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Twins Insider

La Velle E. Neal III and Phil Miller report on the Twins from wherever they make news

Postgame: Molitor considered, but resisted, using Kintzler two innings early

    TORONTO — Paul Molitor talked on Saturday about his determination to find ways to end the losing streak. One of them, he said, might involve the bullpen.

    “You think about doing things differently when you’re in these kind of stretches. I had a thought during the game [Friday] night, when we got to [within] 6-5 even though we were in the sixth inning, to go to someone a little bit more experienced to try to keep that game close longer,”  Molitor said. “You become vulnerable near the end if you have to find other people to fill the end of the game, [but] you don’t just want to go, ‘OK, it’s the sixth inning, it’s too early.’ When you’re trying to find a way to win a game, sometimes you have to think outside the box a little bit.”

    On Sunday, I thought he would have his chance. Kyle Gibson allowed a pair of runs in the sixth inning, but rookie Pat Light rescued him by getting Josh Thole to ground into an inning-ending double play. That meant the Twins still held a one-run lead, 5-4, but the top of the Blue Jays’ order was due up on the seventh, that sluggers’ row of Bautista-Donaldson-Encarnacion-Martin-Tulowitzki. 

    The heavily worked Ryan Pressly had thrown 34 pitches on Saturday, so he was out. But closer Brandon Kintzler had pitched only once in the past week, a 10-pitch mop-up outing on Thursday. With Molitor’s words in my ears, I confidently predicted in the press box that Kintzler would be summoned to pitch the seventh.

    I guessed wrong.

    “I didn’t think it was an option in the seventh inning,” Molitor said. “Obviously you can try to have him put up a zero, maybe two, and try to figure out a way to hang on at the end. The seventh inning was going to be key.”

    Molitor had a point about having few options for the ninth inning, even if Kintzler kept the Blue Jays in check. So he chose to stick with Light, who had looked good finishing the sixth inning, but who has little experience against a lineup as potent as Toronto’s is now. Light was eager to get his shot, but it didn’t go well. Jose Bautista hit a hard grounder that got through the infield for a single, and Josh Donaldson followed up by whacking a 1-and-0 fastball over the center field wall, putting the Jays ahead for good.

    In the end, the Jays added three more runs against three pitchers who had fewer than 16 inings of major league experience between them, and Kintzler didn’t get into the game. “I thought about trying to get four outs [with him], maybe 5 outs,” Molitor said, “but I didn’t think that was the time, even though unconventional might work.”

Twins hope 'learning experience' helps end losing streak

    TORONTO — In the wake of yesterday’s ugly loss to the Blue Jays, when the Twins blew a 5-0 lead and ultimately gave up the go-ahead run on an unfortunate dive attempt by Max Kepler, Paul Molitor came to the park today with an optimistic goal: Use it. Turn that loss into a positive.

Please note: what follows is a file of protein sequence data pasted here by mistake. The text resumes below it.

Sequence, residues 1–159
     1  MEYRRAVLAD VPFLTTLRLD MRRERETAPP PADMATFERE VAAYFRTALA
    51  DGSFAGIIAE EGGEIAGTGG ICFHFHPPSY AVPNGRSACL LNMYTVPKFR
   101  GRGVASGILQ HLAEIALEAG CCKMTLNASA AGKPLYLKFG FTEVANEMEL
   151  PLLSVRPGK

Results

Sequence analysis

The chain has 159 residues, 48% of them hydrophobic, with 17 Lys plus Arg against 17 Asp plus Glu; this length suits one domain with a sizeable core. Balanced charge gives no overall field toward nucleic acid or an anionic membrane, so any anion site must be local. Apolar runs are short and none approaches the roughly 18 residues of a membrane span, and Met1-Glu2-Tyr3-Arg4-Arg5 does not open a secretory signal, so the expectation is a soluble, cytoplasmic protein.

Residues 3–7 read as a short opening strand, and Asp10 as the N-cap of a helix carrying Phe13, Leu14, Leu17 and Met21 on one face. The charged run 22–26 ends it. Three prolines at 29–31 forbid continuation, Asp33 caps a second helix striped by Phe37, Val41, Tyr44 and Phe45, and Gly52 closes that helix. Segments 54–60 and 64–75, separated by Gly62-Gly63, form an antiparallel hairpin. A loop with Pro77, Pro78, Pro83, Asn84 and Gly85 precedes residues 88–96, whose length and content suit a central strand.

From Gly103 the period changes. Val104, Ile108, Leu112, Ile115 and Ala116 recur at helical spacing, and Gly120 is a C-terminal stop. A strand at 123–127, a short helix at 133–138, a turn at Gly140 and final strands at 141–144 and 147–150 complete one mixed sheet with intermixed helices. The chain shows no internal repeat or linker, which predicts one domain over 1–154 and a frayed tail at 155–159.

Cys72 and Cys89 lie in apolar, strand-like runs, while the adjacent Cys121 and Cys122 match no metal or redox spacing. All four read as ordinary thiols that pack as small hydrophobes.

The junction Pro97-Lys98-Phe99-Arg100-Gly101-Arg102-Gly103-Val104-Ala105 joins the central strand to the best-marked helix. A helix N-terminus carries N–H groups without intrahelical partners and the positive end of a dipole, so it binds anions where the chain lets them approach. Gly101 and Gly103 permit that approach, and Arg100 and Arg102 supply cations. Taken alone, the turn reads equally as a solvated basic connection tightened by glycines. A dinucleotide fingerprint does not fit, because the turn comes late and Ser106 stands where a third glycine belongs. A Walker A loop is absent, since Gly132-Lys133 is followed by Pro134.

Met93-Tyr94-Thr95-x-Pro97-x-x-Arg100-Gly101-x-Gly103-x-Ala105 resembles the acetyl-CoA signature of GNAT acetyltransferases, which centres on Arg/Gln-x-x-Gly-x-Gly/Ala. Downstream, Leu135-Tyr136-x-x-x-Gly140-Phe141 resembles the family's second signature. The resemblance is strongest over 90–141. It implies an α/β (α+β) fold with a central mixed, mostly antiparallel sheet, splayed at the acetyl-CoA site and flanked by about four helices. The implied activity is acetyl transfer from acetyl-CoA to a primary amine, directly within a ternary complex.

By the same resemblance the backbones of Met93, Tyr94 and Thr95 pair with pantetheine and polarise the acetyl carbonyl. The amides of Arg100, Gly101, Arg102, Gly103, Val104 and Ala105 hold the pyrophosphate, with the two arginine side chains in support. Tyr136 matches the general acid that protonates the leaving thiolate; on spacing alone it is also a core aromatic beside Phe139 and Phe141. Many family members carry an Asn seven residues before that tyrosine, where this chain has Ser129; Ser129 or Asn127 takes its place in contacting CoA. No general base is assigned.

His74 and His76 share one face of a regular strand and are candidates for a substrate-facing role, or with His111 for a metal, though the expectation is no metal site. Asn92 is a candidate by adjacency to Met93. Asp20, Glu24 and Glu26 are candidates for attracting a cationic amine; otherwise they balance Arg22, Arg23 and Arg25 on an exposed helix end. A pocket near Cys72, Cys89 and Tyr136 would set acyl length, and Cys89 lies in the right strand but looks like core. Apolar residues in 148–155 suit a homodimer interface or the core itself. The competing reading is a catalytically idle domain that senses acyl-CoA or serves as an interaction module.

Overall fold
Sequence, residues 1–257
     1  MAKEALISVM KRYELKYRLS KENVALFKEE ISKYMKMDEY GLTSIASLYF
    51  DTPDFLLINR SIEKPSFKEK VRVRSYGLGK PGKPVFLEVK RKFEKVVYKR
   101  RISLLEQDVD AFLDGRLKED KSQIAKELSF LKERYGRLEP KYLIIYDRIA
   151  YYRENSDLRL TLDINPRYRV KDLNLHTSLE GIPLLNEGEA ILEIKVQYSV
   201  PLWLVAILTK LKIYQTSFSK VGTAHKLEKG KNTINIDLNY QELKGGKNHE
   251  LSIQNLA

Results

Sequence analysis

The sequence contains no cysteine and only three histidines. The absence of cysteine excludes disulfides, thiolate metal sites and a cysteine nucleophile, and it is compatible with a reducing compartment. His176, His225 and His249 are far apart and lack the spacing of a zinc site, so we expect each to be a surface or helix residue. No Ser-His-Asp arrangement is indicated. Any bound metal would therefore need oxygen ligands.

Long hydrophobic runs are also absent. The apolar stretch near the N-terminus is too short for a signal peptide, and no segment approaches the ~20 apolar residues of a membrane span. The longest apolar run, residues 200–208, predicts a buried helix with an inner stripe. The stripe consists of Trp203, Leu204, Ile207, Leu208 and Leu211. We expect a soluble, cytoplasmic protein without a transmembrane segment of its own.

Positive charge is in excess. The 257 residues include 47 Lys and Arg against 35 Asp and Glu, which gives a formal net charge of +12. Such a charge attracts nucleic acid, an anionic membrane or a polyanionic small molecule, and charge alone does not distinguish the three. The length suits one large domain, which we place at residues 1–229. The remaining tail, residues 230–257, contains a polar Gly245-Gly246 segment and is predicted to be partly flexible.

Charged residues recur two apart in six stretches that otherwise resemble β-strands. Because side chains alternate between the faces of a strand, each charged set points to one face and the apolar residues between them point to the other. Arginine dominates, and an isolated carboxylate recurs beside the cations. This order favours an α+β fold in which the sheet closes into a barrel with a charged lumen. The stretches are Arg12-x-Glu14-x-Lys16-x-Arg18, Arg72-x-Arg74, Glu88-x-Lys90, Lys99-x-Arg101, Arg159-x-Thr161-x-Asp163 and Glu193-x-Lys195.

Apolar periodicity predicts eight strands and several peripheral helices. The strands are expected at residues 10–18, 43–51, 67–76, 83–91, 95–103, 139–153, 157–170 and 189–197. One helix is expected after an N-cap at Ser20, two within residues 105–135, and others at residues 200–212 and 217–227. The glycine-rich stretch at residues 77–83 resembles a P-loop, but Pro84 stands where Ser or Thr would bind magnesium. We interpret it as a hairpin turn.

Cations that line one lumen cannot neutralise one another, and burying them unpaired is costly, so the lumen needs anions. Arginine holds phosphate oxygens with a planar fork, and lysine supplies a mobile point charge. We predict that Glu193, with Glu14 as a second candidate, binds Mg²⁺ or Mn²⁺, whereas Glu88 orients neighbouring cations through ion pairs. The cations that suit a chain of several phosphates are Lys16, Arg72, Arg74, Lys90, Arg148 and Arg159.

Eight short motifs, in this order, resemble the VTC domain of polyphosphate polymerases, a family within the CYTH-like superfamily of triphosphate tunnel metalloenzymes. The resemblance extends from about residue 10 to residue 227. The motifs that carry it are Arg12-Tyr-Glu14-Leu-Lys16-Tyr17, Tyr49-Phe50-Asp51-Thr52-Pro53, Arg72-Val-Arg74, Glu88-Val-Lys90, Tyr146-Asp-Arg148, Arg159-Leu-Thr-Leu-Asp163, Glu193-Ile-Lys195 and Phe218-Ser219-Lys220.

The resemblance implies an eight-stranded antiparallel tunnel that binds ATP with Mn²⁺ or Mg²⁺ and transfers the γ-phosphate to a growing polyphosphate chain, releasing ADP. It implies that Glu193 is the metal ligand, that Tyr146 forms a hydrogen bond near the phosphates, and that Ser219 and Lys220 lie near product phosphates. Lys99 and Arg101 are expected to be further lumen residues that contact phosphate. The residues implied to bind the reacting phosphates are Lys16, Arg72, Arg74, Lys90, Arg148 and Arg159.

“Some of the things that happened yesterday are tremendous learning experiences for young people,” Molitor said almost cheerfully, his demeanor giving no hint of the team’s nine-game losing streak. The loss can be valuable, he said, “both individually, [for] things you might have done differently, or collectively, in how you stem some of that momentum when you sense it slipping away.”

    Even he had to admit, however, that momentum in baseball depends mostly on the identity of the next day’s pitcher. But Molitor is upbeat there, too. Kyle Gibson, he said, has learned a lot from his disappointing season, which has yo-yo’d between strong games and terrible ones. Gibson has a 6.59 ERA in August, and today takes on one of the sport’s hottest hitting teams.

    “Gibby is in a good place. There have been some good conversations with him this week about the continuing message of what he needs to do to give himself a better chance in a given start,” Molitor said. “It’s what you look for as a manager and coaches — you try to find growth and a curve that’s heading in the right direction.”

    Gibson’s will head in that direction once he convinces himself of one simple notion, the manager said. “When he gets in trouble, he loses that attack mentality. He tries to be too perfect, doesn’t trust that a fastball down in the zone, with movement, is going to be a tough ball to square up. We really look for him to take advantage of the fastball movement that he has.”

    Here are today’s lineups for the finale in Toronto, as the Twins try to avoid the eighth double-digit losing streak in franchise history:



Dozier 2B

Mauer 1B

Kepler RF

Plouffe 3B

Sano DH

Polanco SS

Grossman LF

Suzuki C

Santana CF


Gibson RHP




Bautista RF

Donaldson 3B

Encarnacion 1B

Martin C

Tulowitzki SS

Pillar CF

Upton LF

Travis 2B

Thole C


Dickey RHP (the former Twins knuckleballer)